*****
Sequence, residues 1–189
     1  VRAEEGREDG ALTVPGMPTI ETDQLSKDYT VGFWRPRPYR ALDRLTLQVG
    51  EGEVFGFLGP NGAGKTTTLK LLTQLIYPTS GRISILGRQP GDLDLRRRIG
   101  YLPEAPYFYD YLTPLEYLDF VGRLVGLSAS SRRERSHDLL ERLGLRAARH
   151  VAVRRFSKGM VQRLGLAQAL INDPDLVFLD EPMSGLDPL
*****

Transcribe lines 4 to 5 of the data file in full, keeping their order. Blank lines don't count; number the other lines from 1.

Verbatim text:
   101  YLPEAPYFYD YLTPLEYLDF VGRLVGLSAS SRRERSHDLL ERLGLRAARH
   151  VAVRRFSKGM VQRLGLAQAL INDPDLVFLD EPMSGLDPL